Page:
This hesitation is completely normal! It is natural to feel a bit vulnerable opening up to someone you do not know and trust them with your thoughts and feelings. A vital part of my job is to provide a safe, nonjudgmental environment where you can feel secure exploring your experiences and challenges, and, through our work together, take steps toward healing and growth. Therapy offers you someone who listens to you, values your perspective, and validates your experience. It is an opportunity for support and growth while being wholly accepted.
I view therapy as a collaborative process where we work together to develop your goals and work toward them. I invite you to be honest and upfront with me and provide feedback, so that you can have the most productive experience possible. Likewise, I will be honest with you because I believe this is important in building a trusting relationship.
I believe we are all capable of leading satisfying lives and that change- whether a circumstance, mindset, or behavior-is always possible. I also believe that to achieve fulfillment, one must be willing to invest in themselves and do whatever work is necessary. As a psychologist, these beliefs translate to empowerment of my clients and encouragement of self-reflection, while providing consistent support and empathy.
Depression often causes people to feel sad, empty, or hopeless, and can cause a lack of interest in life. It can also affect a person's thinking patterns and physical health.
Anxiety can mean nervousness, worry, or self-doubt. Anxiety disorder is a mental health disorder that entails excessive, repeated bouts of worry, anxiety, and/or fear.
Adolescent mental health
Adolescent mental health focuses on adolescent-specific experiences including physical and cognitive development, social and environmental factors, sex, sexual identification and orientation, emotional processing, and substance use. Given the influence that parents/guardians have on adolescents, home life is a particularly important consideration.
Parenting issues involve those associated with the child-rearing process. These may include safety, discipline, nutrition, finances, childcare, school, household rules, chores, daily routines, social activities, and relationships with extended family members. Because child-rearing practices vary by culture, cultural norms must be considered.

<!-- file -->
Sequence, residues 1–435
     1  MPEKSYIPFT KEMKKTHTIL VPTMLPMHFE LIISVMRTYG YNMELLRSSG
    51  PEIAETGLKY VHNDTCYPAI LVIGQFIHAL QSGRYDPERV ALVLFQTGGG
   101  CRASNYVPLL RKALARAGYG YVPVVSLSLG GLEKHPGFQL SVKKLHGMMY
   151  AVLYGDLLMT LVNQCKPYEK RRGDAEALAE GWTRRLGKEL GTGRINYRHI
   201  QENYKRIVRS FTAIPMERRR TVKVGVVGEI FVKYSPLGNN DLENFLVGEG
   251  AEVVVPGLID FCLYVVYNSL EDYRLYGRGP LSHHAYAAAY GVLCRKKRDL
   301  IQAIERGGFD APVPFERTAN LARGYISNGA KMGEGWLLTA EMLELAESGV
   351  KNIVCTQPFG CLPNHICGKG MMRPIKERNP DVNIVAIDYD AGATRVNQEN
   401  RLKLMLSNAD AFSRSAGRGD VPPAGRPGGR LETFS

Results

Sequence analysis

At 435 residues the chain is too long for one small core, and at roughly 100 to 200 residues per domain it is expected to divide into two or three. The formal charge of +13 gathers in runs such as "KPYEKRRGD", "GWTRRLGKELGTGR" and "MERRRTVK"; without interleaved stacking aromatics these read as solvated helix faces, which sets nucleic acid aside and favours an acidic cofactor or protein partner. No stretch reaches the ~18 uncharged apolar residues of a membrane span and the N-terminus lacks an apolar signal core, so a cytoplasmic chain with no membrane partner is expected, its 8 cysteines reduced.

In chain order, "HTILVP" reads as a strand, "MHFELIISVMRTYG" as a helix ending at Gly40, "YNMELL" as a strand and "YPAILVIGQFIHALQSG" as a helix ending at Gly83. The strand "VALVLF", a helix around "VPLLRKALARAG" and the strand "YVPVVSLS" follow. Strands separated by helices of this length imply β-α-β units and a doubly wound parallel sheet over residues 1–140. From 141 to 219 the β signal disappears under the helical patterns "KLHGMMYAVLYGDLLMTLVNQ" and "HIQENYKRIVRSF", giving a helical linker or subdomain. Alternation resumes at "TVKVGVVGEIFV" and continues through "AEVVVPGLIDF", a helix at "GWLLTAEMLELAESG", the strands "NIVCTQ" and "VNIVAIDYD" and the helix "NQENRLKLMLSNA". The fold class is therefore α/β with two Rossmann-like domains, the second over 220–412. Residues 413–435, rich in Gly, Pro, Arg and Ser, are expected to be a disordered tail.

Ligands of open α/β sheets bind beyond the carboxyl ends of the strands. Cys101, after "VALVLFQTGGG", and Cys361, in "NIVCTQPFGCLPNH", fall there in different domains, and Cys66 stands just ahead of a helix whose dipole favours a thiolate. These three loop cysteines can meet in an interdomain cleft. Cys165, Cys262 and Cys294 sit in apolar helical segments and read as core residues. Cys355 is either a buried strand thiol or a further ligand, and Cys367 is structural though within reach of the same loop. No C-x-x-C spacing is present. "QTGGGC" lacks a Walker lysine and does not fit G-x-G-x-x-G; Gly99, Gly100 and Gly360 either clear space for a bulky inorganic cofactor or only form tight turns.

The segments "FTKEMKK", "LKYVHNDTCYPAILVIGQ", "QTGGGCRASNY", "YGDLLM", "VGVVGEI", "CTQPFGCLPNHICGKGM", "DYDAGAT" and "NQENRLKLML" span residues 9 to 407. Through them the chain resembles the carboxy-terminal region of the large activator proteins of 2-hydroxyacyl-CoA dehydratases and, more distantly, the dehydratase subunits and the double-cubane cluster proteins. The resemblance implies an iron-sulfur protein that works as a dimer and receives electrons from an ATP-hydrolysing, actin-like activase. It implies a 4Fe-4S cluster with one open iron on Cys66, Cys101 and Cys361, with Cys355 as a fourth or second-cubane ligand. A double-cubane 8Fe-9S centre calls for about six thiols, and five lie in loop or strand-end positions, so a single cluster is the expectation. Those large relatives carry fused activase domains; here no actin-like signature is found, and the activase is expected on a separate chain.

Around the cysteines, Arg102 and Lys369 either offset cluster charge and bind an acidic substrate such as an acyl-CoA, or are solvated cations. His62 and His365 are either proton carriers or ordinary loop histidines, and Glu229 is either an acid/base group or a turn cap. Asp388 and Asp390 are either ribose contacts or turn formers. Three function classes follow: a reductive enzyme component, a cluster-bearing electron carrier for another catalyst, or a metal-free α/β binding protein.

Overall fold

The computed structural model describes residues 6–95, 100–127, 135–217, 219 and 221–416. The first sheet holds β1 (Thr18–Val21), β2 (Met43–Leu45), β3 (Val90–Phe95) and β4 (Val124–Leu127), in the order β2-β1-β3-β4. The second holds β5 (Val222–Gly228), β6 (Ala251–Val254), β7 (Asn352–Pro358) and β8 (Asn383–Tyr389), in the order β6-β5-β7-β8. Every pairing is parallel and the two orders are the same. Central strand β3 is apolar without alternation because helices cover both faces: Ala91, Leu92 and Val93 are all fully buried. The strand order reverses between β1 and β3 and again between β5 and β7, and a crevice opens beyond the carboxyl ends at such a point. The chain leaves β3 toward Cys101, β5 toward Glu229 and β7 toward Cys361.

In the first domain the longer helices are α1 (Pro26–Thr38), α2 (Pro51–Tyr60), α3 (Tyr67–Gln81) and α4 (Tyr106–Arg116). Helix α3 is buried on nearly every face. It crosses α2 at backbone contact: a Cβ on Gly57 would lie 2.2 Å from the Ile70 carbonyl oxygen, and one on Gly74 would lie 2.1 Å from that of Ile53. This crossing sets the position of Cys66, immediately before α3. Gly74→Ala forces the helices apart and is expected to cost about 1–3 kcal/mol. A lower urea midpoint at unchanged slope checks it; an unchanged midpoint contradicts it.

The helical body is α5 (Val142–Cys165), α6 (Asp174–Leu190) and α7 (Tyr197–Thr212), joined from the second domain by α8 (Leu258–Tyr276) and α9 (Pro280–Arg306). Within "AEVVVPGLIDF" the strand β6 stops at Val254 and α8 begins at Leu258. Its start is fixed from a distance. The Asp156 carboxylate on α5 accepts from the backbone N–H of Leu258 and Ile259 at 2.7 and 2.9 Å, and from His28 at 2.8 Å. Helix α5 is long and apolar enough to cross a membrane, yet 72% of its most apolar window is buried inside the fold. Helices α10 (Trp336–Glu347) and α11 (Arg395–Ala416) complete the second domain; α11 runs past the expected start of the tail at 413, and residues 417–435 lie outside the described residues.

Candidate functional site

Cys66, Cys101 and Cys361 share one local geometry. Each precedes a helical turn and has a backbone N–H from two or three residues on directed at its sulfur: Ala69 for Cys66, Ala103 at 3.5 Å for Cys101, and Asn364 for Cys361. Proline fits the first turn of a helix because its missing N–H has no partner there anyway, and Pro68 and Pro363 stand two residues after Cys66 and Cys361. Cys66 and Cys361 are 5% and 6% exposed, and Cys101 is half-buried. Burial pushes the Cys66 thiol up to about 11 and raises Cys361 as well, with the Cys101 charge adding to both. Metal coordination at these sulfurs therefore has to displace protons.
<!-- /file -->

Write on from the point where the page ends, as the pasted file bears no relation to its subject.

Self-esteem is the degree to which a person feels confident, valuable, and worthy of respect. Feeling low self-esteem can influence overall well-being and be linked to anxiety and/or depression.
Social anxiety or social phobia is fear of social situations or a fear of interacting with people other than close friends and family. Social anxiety can be persistent, intense, and debilitating, greatly affecting daily life.
Concerns that impact school performance or academic life. Can include perfectionism, bullying, financial stress, academic transitions, test anxiety, balancing school with other responsibilities, discrimination, or harassment.
Familial relationships can be the source of stress and emotional pain, even in the healthiest of situations. Painful interactions can range from irritation to resentment and lead to feelings of guilt, disappointment, and anger.
Positive and negative change can be difficult, including things like moving, breaking up, adjusting to parenthood, or changing careers. It’s normal to feel stressed, however, life transitions can inhibit people from living healthy lifestyles.
Young Adults (18-24)
Cognitive Behavioral Therapy (CBT)
NY, Psychologist, 021746
Ph.D., School Psychology, Columbia University, New York, NY
I have been fortunate enough to have a range of experiences in a variety of settings, with clients in various life stages, and addressing a breadth of concerns. My training culminated in serving in a hospital and outpatient clinic within a special education school, where I was a therapist and case manager for children and adolescents who had experienced trauma, were having trouble functioning in society, and were experiencing severe distress. A common thread that I observed was a strain in family support for the clients I served, as well as a need for caregivers to be better educated about the mental health crises these youngsters were trying to cope with. This inspired me to focus on family work and parent/caregiver psychoeducation, in addition to the individual therapy work that was integral in my next role as a psychologist at an outpatient clinic serving people with developmental disabilities and their families. Here I had the opportunity to provide psychotherapy to children, adolescents, and adults, along with their families, as well as help clients and their families gain access to a wealth of services through psychological evaluations. Assessment ended up being a large component of my responsibilities at this clinic, and my passion for helping students understand their learning styles and make sense of their learning difficulties was invigorated. I began my private practice consulting within a clinic that provided psychoeducational evaluations investigating cognitive, academic, social-emotional, and attentional functioning. Here I conducted comprehensive evaluations for elementary to college-aged students with an array of concerns and worked with parents to help them understand their child’s functioning and how to move forward with the recommendations we provided. Since then, I have continued to provide therapy to adolescents, young adults, parents and families through my private practice.
103 S Greenbush Road, 2nd Fl, Suite #5, Orangeburg, 10962, NY